sec cirToday, the Second Circuit issued its highly anticipated decision in Berman v. Neo@Ogilvy, ruling (in a 2-1 decision) that Dodd-Frank’s whistleblower protection provision applies to internal complaints (i.e., complaints that are made by employees within the company and not to the SEC).  This creates a circuit split; it is directly at odds with the Fifth Circuit’s 2013 decision in Asadi v. G.E. Energy (USA), L.L.C.  As a result of the clear split, the question of whether purely internal complaints are protected by Dodd-Frank could ascend to the U.S. Supreme Court for resolution.


Plaintiff-Appellant Daniel Berman (Berman) was the finance director of Defendant-Appellee Neo@Ogilvy (Company).  He was responsible for the Company’s financial reporting and compliance with GAAP, as well as internal accounting procedures of the Company and its parent.  He alleged that he discovered various practices that amounted to accounting fraud, and he reported them internally.  He claimed that a senior officer terminated his employment as a result of his whistleblowing activity.  Notably, he did not report the allegedly unlawful activity to the SEC until after his employment was terminated (and therefore cannot rely upon that report as the basis for a retaliation claim).  Berman filed suit in the Southern District of New York alleging that his employment was terminated based on his internal complaint in violation of Dodd-Frank.  The District Court dismissed his claim based on its view that Dodd-Frank provides protection only to those who claim to have been discharged as a result of reporting alleged violations to the SEC.

The Second Circuit’s Decision

In a 2-1 decision, the Second Circuit reversed the District Court’s decision, giving Chevron deference to the SEC’s interpretation that Dodd-Frank protects internal whistleblowers.  In doing so, the Second Circuit found that Dodd-Frank was ambiguous because the definition of “whistleblower” in Section 21F(a)(6) of the Exchange Act—which expressly requires a covered whistleblower to report a violation of securities laws to the SEC—was somewhat inconsistent with Section 21F(h)(1)(A)(iii)—which provides that Dodd-Frank protects individuals who make disclosures protected under SOX, as sections of SOX provide for and protect internal reporting.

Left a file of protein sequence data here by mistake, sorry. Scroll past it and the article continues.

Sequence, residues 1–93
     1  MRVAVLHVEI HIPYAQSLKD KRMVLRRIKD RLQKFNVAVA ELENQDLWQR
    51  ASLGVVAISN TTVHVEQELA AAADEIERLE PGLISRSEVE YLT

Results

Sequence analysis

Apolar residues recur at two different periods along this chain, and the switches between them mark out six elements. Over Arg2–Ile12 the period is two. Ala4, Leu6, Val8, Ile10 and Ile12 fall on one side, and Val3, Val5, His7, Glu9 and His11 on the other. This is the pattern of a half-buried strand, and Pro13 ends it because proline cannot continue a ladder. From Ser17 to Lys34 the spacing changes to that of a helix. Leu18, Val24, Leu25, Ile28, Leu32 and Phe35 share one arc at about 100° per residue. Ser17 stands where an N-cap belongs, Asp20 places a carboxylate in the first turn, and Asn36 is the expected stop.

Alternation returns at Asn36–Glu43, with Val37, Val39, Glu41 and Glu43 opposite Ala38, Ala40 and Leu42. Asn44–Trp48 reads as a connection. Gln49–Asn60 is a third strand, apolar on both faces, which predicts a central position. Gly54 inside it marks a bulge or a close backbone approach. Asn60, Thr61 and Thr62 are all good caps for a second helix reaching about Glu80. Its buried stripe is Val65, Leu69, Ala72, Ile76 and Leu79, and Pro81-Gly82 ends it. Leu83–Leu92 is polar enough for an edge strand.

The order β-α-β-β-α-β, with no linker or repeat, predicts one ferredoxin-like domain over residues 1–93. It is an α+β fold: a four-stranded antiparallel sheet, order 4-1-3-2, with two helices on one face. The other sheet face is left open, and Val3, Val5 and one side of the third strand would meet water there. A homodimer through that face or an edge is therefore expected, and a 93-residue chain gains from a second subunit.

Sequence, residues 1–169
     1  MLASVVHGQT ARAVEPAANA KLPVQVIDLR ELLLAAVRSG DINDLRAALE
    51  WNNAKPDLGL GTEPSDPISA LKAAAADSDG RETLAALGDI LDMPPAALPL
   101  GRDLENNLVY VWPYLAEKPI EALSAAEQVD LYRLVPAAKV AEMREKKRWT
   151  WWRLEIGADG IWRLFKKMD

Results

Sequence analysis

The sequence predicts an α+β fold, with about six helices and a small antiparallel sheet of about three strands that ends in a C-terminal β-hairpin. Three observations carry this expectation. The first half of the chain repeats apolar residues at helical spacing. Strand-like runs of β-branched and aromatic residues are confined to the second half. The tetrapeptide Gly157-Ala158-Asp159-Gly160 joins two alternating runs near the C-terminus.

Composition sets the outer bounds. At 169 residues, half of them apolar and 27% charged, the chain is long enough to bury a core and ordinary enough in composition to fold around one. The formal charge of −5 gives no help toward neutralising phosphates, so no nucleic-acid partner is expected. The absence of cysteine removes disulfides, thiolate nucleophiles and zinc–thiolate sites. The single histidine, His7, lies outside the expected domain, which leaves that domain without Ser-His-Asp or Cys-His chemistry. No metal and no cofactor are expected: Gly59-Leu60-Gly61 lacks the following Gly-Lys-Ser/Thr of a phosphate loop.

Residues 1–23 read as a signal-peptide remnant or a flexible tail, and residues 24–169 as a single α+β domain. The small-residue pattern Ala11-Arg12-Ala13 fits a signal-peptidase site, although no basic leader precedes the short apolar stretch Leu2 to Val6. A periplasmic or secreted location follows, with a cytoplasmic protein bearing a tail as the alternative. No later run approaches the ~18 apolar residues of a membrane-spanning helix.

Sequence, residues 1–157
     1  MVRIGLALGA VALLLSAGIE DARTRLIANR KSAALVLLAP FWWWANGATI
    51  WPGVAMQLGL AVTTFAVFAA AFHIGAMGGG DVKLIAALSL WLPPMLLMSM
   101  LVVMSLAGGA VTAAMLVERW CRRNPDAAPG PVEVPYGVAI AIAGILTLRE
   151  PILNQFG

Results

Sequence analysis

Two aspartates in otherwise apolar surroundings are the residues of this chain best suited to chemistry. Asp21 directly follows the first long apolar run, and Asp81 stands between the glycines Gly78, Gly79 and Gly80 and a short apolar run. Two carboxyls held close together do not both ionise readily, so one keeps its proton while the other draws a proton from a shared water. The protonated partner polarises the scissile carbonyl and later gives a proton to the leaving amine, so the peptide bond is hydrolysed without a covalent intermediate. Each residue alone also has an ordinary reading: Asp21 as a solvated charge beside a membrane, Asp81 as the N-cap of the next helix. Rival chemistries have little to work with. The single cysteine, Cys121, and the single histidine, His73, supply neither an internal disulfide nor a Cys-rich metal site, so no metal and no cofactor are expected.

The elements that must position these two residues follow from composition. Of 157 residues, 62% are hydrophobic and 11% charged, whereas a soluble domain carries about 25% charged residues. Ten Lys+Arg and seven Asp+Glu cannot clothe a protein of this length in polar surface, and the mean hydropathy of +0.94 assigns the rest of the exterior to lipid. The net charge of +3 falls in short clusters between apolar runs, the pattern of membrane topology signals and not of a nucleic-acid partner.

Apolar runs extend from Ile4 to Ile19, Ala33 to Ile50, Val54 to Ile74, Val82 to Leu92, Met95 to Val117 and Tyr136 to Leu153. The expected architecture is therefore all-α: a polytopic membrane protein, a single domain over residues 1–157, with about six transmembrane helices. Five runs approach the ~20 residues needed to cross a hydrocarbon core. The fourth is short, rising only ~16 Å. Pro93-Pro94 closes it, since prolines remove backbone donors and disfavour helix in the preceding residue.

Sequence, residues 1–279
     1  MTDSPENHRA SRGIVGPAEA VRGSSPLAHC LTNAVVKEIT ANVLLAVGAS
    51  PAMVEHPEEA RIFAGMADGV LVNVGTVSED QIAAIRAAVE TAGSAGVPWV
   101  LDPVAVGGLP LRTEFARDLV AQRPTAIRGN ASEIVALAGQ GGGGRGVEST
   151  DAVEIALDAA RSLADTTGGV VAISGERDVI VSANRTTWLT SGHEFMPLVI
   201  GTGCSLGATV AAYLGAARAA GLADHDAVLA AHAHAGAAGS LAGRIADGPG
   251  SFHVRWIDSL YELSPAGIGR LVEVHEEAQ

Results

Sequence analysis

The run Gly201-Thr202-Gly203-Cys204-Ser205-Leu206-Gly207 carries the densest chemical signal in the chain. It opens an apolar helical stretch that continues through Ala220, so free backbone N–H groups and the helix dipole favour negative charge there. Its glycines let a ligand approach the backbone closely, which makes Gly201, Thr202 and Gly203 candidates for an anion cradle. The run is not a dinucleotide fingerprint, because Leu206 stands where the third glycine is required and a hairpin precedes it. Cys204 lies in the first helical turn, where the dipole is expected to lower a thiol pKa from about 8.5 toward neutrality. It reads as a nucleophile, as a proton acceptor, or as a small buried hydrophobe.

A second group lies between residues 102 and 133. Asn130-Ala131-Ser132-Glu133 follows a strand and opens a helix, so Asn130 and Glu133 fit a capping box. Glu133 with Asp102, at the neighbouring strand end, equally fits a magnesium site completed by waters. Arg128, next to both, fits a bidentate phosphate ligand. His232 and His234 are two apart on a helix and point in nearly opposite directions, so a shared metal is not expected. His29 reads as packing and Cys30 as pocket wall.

The Second Circuit Majority did, however, recognize that “there is no absolute conflict” between the SEC notification requirement in the definition of “whistleblower” and the absence of such a requirement in Section 21F(h)(1)(A)(iii) because one could, as an example, simultaneously complain both to the employer and the SEC.  The court recognized that this was persuasive to the Fifth Circuit in Asadi.  But it nevertheless assumed that applying the Commission reporting requirement to employees seeking SOX remedies pursuant to subdivision (iii) would result in only “rare example[s]” of the statute’s application in this respect and “would [thus] leave that subdivision with an extremely limited scope.”  The court noted that two categories of whistleblowers, auditors and attorneys, could not report wrongdoing to the SEC until after the have reported to the employer based on statutory requirements and further postulated that “any retaliation would almost always precede Commission reporting.”

The Dissent attacked this decision from several angles.  The Dissent concluded that the Majority and the SEC altered Dodd-Frank by deleting “[report] to the Commission” from the definition of “whistleblower,” and essentially sought to expand the breadth of the statute.  The Dissent also pointedly said that the Majority engaged in a “bad misreading, tantamount to a misquotation,” in concluding that Dodd-Frank “purports to protect employees” from retaliation for making reports required or protected by SOX.  Dodd-Frank, the Dissent stressed, lists ways a “whistleblower” may engage in protected activity and—in contrast to Section 806 of SOX—it did not use the word “employee.”  The Dissent also questioned the Majority’s assumption that the Asadi court’s reading of the statute would somehow leave the statute with “extremely limited” effect and pointedly noted that, even if the majority’s questionable hypotheses in that respect happened to be true, that would still not provide any basis for concluding that the statute was “impaired or ambiguous” such that the SEC’s expansive interpretation would warrant deference.

Notably absent from the Majority’s opinion is any answer to one of the Asadi court’s primary reasons for rejecting the SEC’s expansive interpretation, i.e., that it “renders the SOX anti-retaliation provision, for practical purposes, moot.”  An interpretation of Dodd-Frank that in effect wipes out the SOX anti-retaliation provision (without Congress even hinting at any intent to do so) seems both far-fetched and unsupported.


There are several important implications of this decision.  First, it creates a clear circuit split that may ascend to the U.S. Supreme Court and may engender uncertainty in the meantime.  Second, employers can expect more federal complaints under Dodd-Frank from individuals who blow the whistle within the company but not to the SEC.  Third, whistleblowers may be more likely to invoke Dodd-Frank rather than SOX, thereby bypassing the U.S. Department of Labor’s adjudicative scheme, because Dodd-Frank offers substantially greater backpay and a much longer statute of limitations than SOX.  This third implication underscores the risk that this decision effectively eviscerates the SOX whistleblower protection provision.